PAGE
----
How Many Exclamation Points Does It Take?

I was spending some time with a colleague in her home office. As we chatted, an email popped up on her screen with an exclamation point in the subject line. She glanced at it and then went back to talking with me.

“Aren’t you going to pay attention to that?” I asked. “It looks important. It’s got an exclamation point.”

“Oh,” she said. “I don’t take messages seriously until they get up around three or more exclamation points.”

“Tell me more,” I said.

“Well,” she said, “It’s like a priority system. One is normal communication. Two is probably something you should respond to. Three is, ‘Hey, this is important.’ Four and five are critical. Drop what you’re doing. And six or more is usually someone just pissed off about something.”

“How did this get started?” I asked.

“You see,” she said,” we had a manager who seemed to think that everything she sent was critical because she was the boss. So, everything she sent had one or more exclamation points. But after a while we all figured that out most of what she sent out wasn’t all that critical or timely. A few people started mocking her by sending out emails with exclamation points as well. It became kind of a joke and we all adapted.”

“Is she still in charge?” I asked. “Did she ever catch on?”

“Oh, no!” my colleague said. “She’s long gone and no, she never figured it out.”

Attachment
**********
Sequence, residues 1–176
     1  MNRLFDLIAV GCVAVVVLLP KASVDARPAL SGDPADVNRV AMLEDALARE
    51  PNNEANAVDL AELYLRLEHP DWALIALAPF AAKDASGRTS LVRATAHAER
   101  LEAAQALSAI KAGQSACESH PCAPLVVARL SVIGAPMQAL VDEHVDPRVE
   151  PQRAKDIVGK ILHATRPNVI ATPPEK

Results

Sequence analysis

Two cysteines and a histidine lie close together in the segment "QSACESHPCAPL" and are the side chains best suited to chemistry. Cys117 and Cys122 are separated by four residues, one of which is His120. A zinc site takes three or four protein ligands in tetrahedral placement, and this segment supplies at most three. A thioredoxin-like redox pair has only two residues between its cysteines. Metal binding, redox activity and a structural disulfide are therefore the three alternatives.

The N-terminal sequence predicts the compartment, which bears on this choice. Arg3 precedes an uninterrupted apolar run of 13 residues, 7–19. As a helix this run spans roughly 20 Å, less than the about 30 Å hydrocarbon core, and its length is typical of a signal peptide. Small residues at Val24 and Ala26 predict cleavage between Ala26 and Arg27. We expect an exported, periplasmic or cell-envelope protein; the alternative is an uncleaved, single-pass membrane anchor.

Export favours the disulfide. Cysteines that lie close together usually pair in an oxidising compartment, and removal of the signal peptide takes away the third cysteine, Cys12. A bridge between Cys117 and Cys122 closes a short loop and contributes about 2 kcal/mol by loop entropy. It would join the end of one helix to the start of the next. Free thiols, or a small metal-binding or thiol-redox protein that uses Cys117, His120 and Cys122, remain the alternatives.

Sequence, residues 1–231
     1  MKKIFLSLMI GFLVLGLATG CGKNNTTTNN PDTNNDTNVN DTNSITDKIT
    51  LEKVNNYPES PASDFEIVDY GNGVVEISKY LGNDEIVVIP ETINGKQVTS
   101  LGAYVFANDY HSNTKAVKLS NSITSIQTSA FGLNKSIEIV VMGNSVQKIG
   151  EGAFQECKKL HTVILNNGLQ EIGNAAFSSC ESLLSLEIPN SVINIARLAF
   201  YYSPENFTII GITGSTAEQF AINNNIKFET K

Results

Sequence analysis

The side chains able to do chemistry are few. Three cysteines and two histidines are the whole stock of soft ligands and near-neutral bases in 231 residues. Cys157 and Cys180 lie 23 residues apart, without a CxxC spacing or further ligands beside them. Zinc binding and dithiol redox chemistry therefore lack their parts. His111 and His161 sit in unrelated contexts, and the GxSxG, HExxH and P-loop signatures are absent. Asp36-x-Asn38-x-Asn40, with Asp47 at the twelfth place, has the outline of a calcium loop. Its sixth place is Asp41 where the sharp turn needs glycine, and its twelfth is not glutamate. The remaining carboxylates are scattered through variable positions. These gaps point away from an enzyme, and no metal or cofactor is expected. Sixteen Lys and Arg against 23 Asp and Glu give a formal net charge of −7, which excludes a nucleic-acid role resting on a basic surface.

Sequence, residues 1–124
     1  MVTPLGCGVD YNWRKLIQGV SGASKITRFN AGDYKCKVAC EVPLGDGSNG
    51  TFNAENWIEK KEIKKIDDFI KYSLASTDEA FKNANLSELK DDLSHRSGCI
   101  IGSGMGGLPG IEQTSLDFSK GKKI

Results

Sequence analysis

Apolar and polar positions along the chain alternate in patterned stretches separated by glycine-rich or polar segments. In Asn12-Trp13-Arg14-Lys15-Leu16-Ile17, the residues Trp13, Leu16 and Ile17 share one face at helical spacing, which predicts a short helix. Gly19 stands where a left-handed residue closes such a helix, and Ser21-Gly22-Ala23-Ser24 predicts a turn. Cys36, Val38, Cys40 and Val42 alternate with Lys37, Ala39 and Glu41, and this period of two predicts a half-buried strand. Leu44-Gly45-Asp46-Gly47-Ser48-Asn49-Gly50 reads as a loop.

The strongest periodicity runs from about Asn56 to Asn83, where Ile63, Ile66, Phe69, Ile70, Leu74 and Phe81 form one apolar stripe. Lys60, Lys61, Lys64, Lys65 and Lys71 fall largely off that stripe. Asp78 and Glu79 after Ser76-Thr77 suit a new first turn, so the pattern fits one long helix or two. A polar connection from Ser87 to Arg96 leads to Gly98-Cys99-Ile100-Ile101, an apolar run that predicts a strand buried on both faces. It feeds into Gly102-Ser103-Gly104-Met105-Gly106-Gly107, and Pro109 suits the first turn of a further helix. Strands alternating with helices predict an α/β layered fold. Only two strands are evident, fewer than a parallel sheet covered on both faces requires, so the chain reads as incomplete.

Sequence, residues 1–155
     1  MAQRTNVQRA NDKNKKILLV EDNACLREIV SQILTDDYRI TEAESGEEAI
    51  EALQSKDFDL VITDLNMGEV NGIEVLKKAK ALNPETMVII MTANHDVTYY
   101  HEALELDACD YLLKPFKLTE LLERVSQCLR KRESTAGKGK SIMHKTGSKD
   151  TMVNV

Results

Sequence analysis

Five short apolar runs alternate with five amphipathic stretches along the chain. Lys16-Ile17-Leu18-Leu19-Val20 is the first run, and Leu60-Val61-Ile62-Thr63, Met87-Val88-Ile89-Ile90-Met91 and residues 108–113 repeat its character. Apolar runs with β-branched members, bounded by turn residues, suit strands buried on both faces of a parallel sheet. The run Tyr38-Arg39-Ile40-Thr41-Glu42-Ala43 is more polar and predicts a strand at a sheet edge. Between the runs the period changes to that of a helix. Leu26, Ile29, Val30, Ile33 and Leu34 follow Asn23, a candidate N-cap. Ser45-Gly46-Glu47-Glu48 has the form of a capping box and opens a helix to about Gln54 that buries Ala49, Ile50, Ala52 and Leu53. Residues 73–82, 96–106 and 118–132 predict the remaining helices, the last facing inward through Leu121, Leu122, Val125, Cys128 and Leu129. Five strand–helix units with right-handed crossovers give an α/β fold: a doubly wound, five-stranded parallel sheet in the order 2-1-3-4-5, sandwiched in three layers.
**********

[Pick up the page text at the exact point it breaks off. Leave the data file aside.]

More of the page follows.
“So why still do it?” I asked.

“I don’t know,” she said. “Maybe it’s because we all think it’s a bit of fun. You just have to learn that if you come to work with us, you shouldn’t take anything seriously unless it has at least three exclamation points.”

So, what are the take-ways from all this? In a way, it’s like the boy who cried “wolf” so much that nobody took him seriously when there was a wolf. Or maybe the person who yelled “fire” in a crowded theater as a joke and scared the crap out of people. Neither is a good thing to do. The same thing can happen in the workplace. Sadly, the lack of professional maturity on the part of this previous leader unknowingly incited this practice and impaired the communication of the unit until people adapted to her beliefs and practices.

At the same time, this example demonstrates people’s ability to adapt to and read others. When everything is promoted as critical, nothing will be taken as critical. But this team took a step back and adjusted to this leader’s behavior. As a result, they rebalanced communication on their own. On top of this, they also found a bit of humor and perspective in what happened.

What can you learn from this example that will help you lead your team?

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